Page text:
The Breeders’ fifth album is also their first in a decade, and most notably, features the complete line-up behind one of the most iconic albums from the grunge-era 1990s, Last Splash. Grunge producer extraordinaire Steve Albini was also involved in production for a handful of the album’s songs; all that aside, a re-hashed 90s nostalgia album this is not. All Nerve is not a resounding success, but it carries its own weight, and is delivered with both quality and the trademark vocal sneer that the Deal sisters, Kelley and Kim, have made famous.
Perhaps the most interesting aspect of this album is not only how it begins (misleadingly softly) but how it seems to define itself, which at its very least is decidedly reflective. There is even a tenderness and emotional introspection at work here, which are not necessarily what the average listener would attribute to The Breeders. Album opener “Nervous Mary” begins softly before launching into distorted guitar, but both “Spacewoman” and “Dawn: Making an Effort” seem crafted around an emotional maturity that gives the album unexpected tonal differences and overall balance, especially when set up against the rest of the guitar and bass-driven songs on the rest of the album. Long-time fans of the band need not be worried, as there is thud and thunder aplenty, but this tonal shift towards softness is definitely notable.
Of course, it is the louder and more urgent punk-influenced songs that form the bedrock of the album, and though there are a few misses (The Breeders do post-punk, “Metagoth”, the most jarring) overall there is no illusion that this is a band that has any desire to turn the distortion off or the volume down. “Howl at the Summit”, featuring vocals from Courtney Barnett (like Barnett’s new single, “Nameless Faceless”, which features backing vocals from Kim Deal) is the album’s standout both vocally and instrumentally, though “Archangel’s Thunderbird” is also fantastic. At their best, both the vocals and the instrumentation are jarring enough to grab the attention and pull the listener into the song, and of course are reminiscent of the bands’ roots and early successes.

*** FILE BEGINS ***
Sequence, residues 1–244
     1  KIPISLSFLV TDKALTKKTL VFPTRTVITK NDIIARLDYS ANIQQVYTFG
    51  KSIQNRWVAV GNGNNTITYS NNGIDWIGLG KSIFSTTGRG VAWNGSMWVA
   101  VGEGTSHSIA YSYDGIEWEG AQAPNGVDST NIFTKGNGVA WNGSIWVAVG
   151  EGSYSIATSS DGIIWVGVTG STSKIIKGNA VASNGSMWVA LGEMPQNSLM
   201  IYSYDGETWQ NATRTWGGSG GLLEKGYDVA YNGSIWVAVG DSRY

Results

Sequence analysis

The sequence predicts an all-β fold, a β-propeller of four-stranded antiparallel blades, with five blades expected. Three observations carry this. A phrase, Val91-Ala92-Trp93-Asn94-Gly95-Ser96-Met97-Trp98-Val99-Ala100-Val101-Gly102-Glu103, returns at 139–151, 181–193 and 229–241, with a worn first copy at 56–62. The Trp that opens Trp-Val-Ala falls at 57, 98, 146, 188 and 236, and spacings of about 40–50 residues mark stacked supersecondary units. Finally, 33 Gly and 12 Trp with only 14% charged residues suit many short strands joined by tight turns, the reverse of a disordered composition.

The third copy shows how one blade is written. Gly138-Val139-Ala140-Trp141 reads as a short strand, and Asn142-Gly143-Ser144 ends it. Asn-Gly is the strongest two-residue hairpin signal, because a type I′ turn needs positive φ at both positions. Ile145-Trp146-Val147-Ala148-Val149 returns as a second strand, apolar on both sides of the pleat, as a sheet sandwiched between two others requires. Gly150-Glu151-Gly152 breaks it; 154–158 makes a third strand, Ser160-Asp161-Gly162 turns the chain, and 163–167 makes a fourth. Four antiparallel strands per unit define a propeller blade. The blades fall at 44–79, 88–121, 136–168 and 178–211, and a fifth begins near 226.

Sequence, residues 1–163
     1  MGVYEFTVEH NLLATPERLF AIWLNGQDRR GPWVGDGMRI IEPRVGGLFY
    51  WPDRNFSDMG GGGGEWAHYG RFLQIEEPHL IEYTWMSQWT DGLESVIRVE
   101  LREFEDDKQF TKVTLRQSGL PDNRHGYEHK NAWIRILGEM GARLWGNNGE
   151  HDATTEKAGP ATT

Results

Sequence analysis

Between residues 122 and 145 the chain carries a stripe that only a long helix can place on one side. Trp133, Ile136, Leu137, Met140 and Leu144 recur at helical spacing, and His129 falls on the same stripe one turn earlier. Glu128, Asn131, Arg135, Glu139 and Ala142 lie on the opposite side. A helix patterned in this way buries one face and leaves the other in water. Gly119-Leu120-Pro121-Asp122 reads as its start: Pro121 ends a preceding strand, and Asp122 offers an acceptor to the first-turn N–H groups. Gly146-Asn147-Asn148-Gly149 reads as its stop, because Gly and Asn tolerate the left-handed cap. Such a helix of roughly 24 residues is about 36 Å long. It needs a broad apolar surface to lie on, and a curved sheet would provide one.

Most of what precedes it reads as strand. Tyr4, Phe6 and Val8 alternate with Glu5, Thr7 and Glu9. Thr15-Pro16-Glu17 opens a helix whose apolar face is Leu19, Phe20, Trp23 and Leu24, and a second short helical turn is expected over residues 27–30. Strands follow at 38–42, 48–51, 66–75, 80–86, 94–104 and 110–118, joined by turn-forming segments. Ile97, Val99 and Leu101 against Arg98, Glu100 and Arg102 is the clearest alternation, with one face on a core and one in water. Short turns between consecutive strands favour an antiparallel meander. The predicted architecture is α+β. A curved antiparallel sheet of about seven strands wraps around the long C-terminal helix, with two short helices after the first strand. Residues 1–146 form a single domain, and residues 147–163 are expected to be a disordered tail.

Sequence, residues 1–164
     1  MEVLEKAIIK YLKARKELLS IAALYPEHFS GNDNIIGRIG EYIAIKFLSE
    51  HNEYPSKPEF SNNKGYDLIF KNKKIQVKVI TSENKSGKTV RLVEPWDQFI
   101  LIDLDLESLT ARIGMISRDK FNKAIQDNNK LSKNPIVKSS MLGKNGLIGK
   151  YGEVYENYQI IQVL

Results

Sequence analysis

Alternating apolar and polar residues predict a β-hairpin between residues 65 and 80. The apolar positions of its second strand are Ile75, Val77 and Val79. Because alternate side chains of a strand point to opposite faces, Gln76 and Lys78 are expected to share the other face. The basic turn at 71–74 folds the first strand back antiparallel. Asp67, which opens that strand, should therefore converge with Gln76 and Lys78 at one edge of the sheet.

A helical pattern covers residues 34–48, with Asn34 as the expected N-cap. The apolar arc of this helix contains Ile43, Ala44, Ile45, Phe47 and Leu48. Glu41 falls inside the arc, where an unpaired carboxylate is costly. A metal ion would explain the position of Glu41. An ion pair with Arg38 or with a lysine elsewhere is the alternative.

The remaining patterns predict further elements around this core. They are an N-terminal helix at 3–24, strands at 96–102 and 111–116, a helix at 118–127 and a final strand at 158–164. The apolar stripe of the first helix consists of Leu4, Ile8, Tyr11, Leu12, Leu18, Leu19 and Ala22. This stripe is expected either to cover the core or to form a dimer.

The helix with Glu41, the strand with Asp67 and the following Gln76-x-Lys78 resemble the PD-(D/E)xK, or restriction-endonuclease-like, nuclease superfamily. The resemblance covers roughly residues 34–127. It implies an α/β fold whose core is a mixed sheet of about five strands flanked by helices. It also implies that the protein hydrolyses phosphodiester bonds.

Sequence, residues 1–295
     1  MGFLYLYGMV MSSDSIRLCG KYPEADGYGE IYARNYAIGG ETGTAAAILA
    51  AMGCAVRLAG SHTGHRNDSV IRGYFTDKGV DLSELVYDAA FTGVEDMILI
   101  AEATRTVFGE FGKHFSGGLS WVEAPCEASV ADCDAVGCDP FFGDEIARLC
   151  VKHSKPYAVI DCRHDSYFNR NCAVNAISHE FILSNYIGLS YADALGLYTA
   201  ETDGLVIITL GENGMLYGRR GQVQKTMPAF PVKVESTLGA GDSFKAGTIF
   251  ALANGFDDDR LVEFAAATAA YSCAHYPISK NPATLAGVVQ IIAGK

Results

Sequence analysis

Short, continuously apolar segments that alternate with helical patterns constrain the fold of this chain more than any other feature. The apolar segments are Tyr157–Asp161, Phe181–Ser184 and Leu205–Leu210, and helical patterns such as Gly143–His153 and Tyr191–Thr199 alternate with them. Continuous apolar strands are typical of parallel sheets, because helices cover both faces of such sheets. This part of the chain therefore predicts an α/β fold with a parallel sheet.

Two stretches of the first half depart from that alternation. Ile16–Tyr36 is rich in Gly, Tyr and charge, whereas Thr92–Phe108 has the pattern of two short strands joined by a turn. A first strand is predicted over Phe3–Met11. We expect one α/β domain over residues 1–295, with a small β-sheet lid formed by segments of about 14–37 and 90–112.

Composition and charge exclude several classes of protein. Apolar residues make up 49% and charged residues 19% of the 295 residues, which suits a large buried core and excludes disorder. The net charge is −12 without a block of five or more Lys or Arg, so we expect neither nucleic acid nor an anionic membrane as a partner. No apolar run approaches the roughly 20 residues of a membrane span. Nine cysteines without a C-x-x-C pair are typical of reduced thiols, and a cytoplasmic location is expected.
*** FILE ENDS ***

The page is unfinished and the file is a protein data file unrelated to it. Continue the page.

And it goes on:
Though it is not necessarily one of the album’s strengths overall, the song that leaves the listener with the most to think about may be the album closer, “Blues at the Acropolis” which seems to put the idea of present-day social concerns up against the concepts and legacy of history.
Overall, this album is vital and loud enough to fit comfortably into the band’s catalogue, but it is also more introspective and thoughtful than is likely expected, which is a definite strength. Here’s hoping that it is also the motivation needed to make sure that we don’t wait another decade for their next album.
SPILL ALBUM REVIEW: THE BREEDERS – ALL NERVE